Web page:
Quantum physics is the contested best description of the inanimate world but it leads to phenomena which are in radical conflict with our common sense perception of the world. While we have grown to accept this conundrum for electrons, neutrons or atoms it is intriguing to explore how the complexity of an object will influence the possibility of preparing it in genuine quantum states. We ask in particular how to enable quantum superposition experiments with the diverse set of biological nanomatter that nature provides, starting from simple vitamins, biodyes and amino acids of polypeptides and proteins to self-replicating molecules. This is an ongoing journey on a road with many branches. I will discuss how to teach complex molecules to fly in motional states compatible with state of the art de Broglie experiment and present advanced methods for their diffraction and detection.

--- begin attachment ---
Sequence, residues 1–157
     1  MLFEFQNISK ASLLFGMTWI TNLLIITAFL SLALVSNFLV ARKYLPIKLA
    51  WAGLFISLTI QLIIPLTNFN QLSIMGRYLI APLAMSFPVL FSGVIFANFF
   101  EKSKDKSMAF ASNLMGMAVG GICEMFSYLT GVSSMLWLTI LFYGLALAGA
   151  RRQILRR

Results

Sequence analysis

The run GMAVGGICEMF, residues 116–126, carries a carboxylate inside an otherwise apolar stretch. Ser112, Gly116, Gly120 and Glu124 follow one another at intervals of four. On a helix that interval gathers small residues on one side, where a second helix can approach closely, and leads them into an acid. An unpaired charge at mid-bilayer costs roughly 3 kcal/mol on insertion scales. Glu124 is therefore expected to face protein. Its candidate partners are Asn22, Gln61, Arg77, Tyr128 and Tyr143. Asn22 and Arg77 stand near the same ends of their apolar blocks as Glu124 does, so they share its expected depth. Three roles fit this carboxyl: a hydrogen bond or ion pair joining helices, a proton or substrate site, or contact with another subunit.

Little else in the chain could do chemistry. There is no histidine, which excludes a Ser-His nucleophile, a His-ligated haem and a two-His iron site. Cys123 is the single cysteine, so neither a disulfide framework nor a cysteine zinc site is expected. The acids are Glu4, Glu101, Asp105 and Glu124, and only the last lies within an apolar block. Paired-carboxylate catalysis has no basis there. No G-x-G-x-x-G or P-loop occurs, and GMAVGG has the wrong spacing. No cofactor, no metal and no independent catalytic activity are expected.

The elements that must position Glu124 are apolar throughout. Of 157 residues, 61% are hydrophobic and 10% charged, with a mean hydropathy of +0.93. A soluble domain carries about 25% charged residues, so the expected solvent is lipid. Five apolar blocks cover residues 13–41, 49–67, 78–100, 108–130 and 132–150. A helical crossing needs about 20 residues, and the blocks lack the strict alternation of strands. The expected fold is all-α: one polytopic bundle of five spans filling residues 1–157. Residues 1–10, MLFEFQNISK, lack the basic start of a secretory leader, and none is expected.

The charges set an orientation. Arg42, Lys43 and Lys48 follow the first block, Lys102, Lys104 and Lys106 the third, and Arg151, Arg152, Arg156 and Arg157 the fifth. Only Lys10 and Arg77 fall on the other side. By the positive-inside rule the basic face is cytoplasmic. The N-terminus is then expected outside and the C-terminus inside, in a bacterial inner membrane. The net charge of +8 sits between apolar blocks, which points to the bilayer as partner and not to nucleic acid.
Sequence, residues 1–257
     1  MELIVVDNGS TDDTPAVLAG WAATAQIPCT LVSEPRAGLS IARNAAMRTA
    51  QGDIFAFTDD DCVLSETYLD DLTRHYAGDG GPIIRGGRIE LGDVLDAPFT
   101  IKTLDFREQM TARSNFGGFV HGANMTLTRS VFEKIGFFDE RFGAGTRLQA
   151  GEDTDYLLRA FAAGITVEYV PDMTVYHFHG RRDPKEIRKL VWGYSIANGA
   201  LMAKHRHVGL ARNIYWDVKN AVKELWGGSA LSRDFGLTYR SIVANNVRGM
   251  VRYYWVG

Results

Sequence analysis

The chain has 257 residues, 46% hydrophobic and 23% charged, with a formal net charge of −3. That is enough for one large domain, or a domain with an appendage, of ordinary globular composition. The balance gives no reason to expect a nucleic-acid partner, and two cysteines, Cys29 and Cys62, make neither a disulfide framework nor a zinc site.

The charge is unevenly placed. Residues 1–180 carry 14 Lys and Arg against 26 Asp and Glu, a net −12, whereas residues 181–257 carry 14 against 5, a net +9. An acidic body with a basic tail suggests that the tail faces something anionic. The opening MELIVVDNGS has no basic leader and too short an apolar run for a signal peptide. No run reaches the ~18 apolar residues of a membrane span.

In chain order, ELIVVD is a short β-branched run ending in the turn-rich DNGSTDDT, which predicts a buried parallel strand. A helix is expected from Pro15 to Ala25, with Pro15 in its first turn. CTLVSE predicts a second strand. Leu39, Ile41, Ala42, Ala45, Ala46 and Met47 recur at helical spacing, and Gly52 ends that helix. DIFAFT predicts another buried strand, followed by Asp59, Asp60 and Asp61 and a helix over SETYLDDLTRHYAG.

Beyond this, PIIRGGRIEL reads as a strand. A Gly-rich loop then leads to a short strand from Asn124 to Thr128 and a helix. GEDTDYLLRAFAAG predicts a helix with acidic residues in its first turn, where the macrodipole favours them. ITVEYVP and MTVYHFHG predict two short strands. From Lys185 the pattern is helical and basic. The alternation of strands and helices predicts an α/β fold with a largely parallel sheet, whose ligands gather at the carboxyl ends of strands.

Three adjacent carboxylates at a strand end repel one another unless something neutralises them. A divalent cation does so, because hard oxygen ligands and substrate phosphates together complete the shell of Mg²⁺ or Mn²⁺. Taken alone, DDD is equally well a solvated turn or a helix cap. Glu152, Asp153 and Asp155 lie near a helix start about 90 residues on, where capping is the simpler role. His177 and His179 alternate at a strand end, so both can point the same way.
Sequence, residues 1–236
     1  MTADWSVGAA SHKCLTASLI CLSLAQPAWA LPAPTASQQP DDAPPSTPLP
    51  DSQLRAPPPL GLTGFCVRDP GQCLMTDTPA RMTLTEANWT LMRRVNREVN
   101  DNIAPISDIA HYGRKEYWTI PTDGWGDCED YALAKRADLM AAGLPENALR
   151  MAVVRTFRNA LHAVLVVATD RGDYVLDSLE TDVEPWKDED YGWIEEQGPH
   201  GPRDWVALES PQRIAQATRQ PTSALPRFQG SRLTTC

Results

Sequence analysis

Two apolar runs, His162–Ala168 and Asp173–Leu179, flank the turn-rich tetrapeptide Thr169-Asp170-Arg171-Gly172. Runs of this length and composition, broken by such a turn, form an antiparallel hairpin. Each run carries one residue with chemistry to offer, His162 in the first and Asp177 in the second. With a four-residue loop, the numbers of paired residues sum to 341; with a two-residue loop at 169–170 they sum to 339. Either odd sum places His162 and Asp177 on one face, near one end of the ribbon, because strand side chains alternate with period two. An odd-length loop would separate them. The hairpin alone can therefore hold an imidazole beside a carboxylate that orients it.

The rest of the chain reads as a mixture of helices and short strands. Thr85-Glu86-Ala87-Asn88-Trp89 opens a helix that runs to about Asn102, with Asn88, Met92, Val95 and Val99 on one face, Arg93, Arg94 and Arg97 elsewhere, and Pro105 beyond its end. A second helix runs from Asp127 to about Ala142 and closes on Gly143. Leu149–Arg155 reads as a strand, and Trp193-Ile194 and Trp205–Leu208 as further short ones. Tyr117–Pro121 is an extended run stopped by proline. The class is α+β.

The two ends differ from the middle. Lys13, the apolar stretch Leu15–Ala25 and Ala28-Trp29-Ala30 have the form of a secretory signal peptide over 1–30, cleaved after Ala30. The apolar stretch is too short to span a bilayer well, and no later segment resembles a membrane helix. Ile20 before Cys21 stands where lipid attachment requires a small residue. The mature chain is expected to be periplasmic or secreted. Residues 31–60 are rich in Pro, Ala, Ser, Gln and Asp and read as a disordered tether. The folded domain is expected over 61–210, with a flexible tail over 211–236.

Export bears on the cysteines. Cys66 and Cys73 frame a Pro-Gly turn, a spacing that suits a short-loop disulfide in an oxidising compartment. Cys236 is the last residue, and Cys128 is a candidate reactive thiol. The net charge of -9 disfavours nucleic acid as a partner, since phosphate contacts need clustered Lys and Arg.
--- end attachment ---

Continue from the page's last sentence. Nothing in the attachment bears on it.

Prof. Arndy is Full Professor of Quantum Nanonphysics at the University of Vienna and a founding member of the Vienna Center fro Quantum Science and Technology (VCQ). He is a world-leading expert in quantum effects in complex molecular systems and a pioneer in experimental matter-wave interferometry. He was Dean of the Faculty of Physics at the University of Vienna and Coordinator of the ESF network 'Molecule Interferometry and Metrology'. Prof. Arndt is the coordinator of the QU project NANOQUESTFIT, the awardee of an ERC Advance Grant and the recipient of the 2008 Wittgenstein-Preis which is the most prestigious Austrian science award.